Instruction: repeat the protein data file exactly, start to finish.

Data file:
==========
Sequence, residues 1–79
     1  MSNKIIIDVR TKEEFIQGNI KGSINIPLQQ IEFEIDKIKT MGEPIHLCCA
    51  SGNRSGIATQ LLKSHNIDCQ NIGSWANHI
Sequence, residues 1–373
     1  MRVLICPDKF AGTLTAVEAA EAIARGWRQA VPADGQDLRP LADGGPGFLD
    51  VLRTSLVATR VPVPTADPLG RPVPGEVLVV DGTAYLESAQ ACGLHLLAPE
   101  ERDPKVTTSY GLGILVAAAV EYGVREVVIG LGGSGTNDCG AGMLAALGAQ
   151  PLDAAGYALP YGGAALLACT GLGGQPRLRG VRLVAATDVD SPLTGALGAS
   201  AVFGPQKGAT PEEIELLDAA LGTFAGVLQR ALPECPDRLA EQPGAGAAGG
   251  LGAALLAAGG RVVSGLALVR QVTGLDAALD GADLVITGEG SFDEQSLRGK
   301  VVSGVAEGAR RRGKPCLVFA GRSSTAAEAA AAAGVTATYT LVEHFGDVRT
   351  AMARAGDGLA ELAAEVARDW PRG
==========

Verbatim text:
Sequence, residues 1–79
     1  MSNKIIIDVR TKEEFIQGNI KGSINIPLQQ IEFEIDKIKT MGEPIHLCCA
    51  SGNRSGIATQ LLKSHNIDCQ NIGSWANHI
Sequence, residues 1–373
     1  MRVLICPDKF AGTLTAVEAA EAIARGWRQA VPADGQDLRP LADGGPGFLD
    51  VLRTSLVATR VPVPTADPLG RPVPGEVLVV DGTAYLESAQ ACGLHLLAPE
   101  ERDPKVTTSY GLGILVAAAV EYGVREVVIG LGGSGTNDCG AGMLAALGAQ
   151  PLDAAGYALP YGGAALLACT GLGGQPRLRG VRLVAATDVD SPLTGALGAS
   201  AVFGPQKGAT PEEIELLDAA LGTFAGVLQR ALPECPDRLA EQPGAGAAGG
   251  LGAALLAAGG RVVSGLALVR QVTGLDAALD GADLVITGEG SFDEQSLRGK
   301  VVSGVAEGAR RRGKPCLVFA GRSSTAAEAA AAAGVTATYT LVEHFGDVRT
   351  AMARAGDGLA ELAAEVARDW PRG